8
Jun

Devyn TaylorWe Do Recover

When I found out my brother was an addict, it completely changed my life.

I didn’t even know what was happening to him until it was too late. I noticed that his actions were different, but I couldn’t figure out why. I was constantly worrying about him. Late at night, when I would hear the garage door open, I would sigh in relief because then I knew he was home safe.

My brother’s addiction impacted our entire family. I didn’t know anyone else who was an addict, so it was a learning experience, to say the least. I remember learning about drugs in grade school, but his addiction was completely different from the typical addict I had pictured in my head. It was very difficult for me to understand the situation at first. There is a lot of uncertainty and fear that some night, he just wouldn’t make it home. Once I educated myself about his situation, I was better able to accept what was happening and give him the support he needed.

The biggest lesson I learned through all of this is that addiction is a disease that affects the actions and behaviors of your family member or friend. They are ultimately responsible for their actions, but the disease is what is driving their insanity.

I’ve learned that support and understanding are crucial to recovery. If someone you know is battling addiction, encourage them to get help and do whatever it takes to get them that help.

My parents were his biggest enablers. Finally, when they had enough, they sent him to Ambrosia’s West Palm Beach rehab and it was the best thing that ever happened to our family. He was resistant at first, but once he got there he knew what he had to do. After treatment, we were surprised to hear that he wanted to stay in the area and get his life back together away from the temptations of home. He moved into a sober community, and that was key.

Today I recognize the fact that just as he is powerless over drugs and alcohol, in the end, I am powerless over his decisions. The best I can do is keep in touch with him often and ask them how he is doing as he goes through recovery. My parents and I are always reminding him of how proud we are of his accomplishments and we support him endlessly, but it took a while for us to get to that point. Letting go of the need to protect him was what eventually led him to get the help he needed.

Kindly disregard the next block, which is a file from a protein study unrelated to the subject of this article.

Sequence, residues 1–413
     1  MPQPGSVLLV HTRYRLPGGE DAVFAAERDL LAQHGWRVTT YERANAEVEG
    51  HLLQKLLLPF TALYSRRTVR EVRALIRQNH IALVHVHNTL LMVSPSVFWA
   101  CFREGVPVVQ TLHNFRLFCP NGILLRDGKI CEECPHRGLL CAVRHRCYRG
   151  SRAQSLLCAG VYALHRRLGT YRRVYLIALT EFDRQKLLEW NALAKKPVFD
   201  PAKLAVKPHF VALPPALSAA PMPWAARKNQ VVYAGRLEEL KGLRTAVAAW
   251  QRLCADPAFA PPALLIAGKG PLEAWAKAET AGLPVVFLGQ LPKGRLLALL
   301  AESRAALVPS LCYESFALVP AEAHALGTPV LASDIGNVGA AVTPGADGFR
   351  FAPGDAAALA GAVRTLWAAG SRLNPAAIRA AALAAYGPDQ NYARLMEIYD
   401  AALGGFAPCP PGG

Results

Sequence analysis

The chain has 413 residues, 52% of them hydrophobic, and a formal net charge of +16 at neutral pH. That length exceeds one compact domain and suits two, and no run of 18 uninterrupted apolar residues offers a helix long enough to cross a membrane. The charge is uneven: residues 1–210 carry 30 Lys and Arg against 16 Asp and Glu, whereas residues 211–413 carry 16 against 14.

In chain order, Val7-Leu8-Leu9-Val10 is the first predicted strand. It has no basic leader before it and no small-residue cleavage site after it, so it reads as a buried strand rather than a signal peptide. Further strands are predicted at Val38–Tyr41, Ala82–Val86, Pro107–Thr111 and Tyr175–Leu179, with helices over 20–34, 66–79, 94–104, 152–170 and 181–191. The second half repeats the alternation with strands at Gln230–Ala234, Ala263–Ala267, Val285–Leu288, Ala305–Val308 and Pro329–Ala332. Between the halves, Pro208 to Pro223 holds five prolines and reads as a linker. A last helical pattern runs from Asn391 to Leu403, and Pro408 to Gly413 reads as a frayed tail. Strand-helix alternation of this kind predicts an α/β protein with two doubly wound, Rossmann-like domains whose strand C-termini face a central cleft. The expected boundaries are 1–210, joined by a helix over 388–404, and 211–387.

Now that my brother is sober and working on himself, it feels like I can sleep at night knowing he is going to be okay. I still worry about him sometimes, but nowhere near as often as I did when he was using.

My brother has accomplished so much since being in recovery. He has a girlfriend who is also in recovery and he has an amazing network of friends that support each other. He has also been able to mend past relationships that were fractured because of his disease. I have learned so much information, addiction no longer frustrates or confuses me. I can approach the topic and those that struggle with compassion and understanding. Although I would have never wished this situation on myself or anyone else, I am thankful for the knowledge and experience that I have gained through this. As a future healthcare professional, I want to stand behind this cause and improve the lives of individuals affected by this disease. If my brother can beat this, anyone can, they just need to reach out and get accept help when it comes their way.

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